So how does your creative mind cross from one thing to another?

The biggest worry is when I have to go to the next meeting, or when I have to break up in the middle of something that’s going on. I don’t like to disappoint people, because sometimes I leave them with half a piece, and that bugs me. But we try to focus and be more precise, smaller rather than growing in different directions. It’s not like we want to do new business. For example, furniture; this is more a thing for me when I have time.

To what do you attribute Acne’s success?

I think people have seen we’re developing the brand, that it’s under construction but it’s going the right way. And I think that there’s something with imperfection that is very humbling. Even though we’ve grown bigger, we would like to stay that way.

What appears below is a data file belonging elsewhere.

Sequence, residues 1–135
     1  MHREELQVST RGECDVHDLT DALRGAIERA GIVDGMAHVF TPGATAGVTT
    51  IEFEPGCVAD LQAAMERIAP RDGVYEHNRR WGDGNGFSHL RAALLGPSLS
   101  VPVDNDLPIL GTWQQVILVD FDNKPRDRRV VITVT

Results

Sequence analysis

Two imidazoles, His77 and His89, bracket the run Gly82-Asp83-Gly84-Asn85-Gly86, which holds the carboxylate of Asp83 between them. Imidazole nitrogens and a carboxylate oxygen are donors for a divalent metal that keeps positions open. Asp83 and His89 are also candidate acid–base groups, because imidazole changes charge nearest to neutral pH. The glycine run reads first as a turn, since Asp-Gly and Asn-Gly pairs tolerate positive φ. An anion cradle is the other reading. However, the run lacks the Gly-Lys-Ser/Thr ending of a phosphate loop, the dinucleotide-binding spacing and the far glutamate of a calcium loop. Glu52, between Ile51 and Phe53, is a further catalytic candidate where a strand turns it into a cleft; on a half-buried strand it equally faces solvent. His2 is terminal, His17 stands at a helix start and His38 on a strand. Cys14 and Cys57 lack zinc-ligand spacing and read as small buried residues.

Where to next?

I’m starting to know myself, my creativity. And, also, the people I work with, my colleagues, are starting to understand what we’re doing and being part of this journey. That’s why I feel that this [spring] show was just a start in the hope that we can do something interesting for next season, and that this can be a springboard for that.

The Long wait is over: MMM for H&M

FINALLY I’ve been waiting for this preview for ages. One of my favorite fashion houses: the French Maison Martin Margiela released a few days ago ( only the exclusive few) the release of their collaboration with the Swedish H&M. Real collection is hits stores on the 15th of november. MMM has been a long fave for me with its boyish influences, sleek and clean details, bold structure, and expertise in materials. Maybe its those clean lines and simple palettes that hit home for me as a lover of architecture. I don’t know about you but i’m snagging these shoes as soon as possible.